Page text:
Sniff it, smoke it, chew it — however it is ingested legislators want a larger cut in tobacco products.---
Monday Utah House members gave a nod to raising the state tax by $1 a pack. Any revenues collected will be going towards filling the states deflated budget, with a small portion earmarked for Gold Medal School programs housed in the Department of Health. While many Republicans at the capitol are hesitant towards tax hikes, smokers and tobacco enthusiasts of all stripes have gripes.
Gary Klc, owner of Jeanie's Smoke Shop in Downtown Salt Lake City said if the proposed tax increase takes effect customers can expect his and other smoke shops to get out of the game.
"Look for me to go out of business if this all goes through, and that is all the state wants," Klc said. "If both the state and federal tax get raised we're pretty much screwed."
H.B. 196 sponsored by Rep. Paul Ray R-Clearfield would impose a tax increase of 35 percent on the manufactures sell price on all tobacco products, except moist snuff, a .75 cent or $1.83 per ounce tax would be tacked on. Both, increases that Klc said will have to be passed onto consumers.
In 2009, Adam Smith, former owner of This is the Place Smoke Shop was forced to close his store after state and federal tax increases went into effect. He said the costs of keeping products in stock were too exorbitant and his tobacco didn't leave the shelves before the bills arrived.
"I started smoking in the military, it was the only way to get a break," Smith said. "The government hooked me and now they are screwing me."
According to the fiscal note attached to H.B. 196, tobacco retailers are expected to see a decrease of revenue of about $54 million annually, if the bill is signed into law. The predicted increase of revenue entering the General Fund from the proposed increases would be about $43 million in the 2011 fiscal year.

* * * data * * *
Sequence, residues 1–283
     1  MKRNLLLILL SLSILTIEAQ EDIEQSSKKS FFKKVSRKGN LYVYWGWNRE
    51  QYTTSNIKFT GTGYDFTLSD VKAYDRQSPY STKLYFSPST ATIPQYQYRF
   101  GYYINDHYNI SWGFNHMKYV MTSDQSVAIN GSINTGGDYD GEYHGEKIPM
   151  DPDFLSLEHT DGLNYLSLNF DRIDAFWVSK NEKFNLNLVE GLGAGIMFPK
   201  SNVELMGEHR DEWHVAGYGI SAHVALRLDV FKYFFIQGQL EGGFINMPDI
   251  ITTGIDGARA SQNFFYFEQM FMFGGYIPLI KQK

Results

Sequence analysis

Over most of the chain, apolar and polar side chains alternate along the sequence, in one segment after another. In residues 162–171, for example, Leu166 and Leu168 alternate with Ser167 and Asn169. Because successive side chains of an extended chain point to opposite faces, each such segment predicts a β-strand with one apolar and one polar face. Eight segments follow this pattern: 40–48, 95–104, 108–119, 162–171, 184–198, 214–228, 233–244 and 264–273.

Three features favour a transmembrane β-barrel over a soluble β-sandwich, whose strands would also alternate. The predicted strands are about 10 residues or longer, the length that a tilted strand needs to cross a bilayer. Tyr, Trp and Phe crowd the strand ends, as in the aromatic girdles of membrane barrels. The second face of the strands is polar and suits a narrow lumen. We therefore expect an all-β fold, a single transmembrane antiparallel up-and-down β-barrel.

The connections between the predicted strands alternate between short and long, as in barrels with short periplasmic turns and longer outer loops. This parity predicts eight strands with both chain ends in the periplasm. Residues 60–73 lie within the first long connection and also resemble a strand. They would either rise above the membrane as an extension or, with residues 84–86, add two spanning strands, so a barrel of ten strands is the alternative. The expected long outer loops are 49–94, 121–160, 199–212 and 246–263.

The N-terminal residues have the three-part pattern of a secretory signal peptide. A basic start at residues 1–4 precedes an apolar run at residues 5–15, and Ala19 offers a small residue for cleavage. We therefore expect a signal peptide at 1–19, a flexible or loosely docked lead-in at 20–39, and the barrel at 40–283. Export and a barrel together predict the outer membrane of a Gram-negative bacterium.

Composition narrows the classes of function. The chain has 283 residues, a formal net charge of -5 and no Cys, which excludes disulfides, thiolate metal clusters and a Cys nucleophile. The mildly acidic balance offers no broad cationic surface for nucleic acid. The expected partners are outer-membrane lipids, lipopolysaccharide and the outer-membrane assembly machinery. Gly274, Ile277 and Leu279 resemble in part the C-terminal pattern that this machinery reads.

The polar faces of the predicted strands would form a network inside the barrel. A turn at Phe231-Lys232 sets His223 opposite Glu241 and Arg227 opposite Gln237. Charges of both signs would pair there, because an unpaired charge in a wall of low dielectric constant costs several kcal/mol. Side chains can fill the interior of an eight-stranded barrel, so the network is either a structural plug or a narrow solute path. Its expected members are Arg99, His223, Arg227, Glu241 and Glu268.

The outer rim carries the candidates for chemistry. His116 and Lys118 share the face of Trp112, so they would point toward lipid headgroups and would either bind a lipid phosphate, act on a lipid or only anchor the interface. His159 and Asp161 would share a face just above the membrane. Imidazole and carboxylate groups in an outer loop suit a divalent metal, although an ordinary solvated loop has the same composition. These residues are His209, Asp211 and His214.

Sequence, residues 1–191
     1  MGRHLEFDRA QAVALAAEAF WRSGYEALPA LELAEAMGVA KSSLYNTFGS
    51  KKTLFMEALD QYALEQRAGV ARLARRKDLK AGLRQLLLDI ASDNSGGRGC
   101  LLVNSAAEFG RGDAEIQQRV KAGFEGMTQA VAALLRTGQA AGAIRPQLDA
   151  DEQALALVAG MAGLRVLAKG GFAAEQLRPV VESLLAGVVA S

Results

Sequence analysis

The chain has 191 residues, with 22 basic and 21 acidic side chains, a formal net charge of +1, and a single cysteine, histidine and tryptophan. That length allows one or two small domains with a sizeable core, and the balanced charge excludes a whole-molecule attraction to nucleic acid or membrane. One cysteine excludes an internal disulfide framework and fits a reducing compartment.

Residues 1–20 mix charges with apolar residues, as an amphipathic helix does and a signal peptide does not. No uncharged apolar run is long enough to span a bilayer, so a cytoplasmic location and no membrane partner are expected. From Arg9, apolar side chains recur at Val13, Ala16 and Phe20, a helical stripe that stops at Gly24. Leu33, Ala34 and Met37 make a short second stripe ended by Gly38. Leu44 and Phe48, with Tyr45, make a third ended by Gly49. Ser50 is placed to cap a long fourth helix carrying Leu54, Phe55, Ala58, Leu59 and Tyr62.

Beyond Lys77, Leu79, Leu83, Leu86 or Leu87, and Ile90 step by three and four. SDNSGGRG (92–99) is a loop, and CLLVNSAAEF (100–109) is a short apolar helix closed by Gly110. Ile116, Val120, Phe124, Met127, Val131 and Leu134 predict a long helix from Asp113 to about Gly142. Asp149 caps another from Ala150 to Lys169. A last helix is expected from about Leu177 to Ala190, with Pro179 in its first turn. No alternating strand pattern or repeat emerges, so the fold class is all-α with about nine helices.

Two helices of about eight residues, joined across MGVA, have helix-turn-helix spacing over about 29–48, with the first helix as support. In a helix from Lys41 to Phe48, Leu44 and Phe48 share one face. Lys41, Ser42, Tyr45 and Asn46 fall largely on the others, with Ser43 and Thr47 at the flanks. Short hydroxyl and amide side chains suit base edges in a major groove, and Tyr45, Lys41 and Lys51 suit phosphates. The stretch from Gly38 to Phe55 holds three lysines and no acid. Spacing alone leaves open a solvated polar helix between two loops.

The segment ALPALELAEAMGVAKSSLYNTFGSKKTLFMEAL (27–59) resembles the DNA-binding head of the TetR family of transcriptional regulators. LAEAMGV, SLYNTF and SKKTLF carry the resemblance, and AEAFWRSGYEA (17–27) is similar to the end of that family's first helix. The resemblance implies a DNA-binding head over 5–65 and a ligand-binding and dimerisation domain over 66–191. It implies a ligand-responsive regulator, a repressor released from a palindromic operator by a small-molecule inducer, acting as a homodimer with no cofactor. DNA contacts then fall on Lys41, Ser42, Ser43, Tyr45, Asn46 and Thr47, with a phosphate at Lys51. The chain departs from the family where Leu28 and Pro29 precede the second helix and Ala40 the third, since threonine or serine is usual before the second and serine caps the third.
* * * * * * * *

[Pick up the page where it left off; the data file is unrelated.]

Klc said that each increase creates a drop in the number of smokers and because of that the revenues generated from a tax increase stay the same.
"If they're trying to fill budget holes it is not going to
happen this way," Klc said. "This is just an attempt to get tobacco out
of the state."
Max Taylor, a student at the University of Utah began smoking cigarettes some six-months ago. He prefers Parliament Lights, but at around $6 a pack he isn't thrilled about the price.
"I started working at a bar and a lot of my co-workers smoked," Taylor said. "I got sucked in. It's a pretty stressful environment and smoking is a nice break after last call. Helps us all relax."
Despite potential tax increases, Taylor said he doesn't expect any change to his habits.
"I like smoking, and people are going to regardless," Taylor said.
Potential benefits legislators see in increasing the tax are possible health advantages for citizens, however, said Amy Watkins, of Salt Lake City. If better health is the goal, she said, fast food and sugar products should be targeted as well.
"I didn't think it was the government's role to regulate taxes. I thought the legislature was all Republican," Watkins said. "If they really cared about health they would tax fast food and that. Obesity is the leading killer in the United States. Tax by the pound."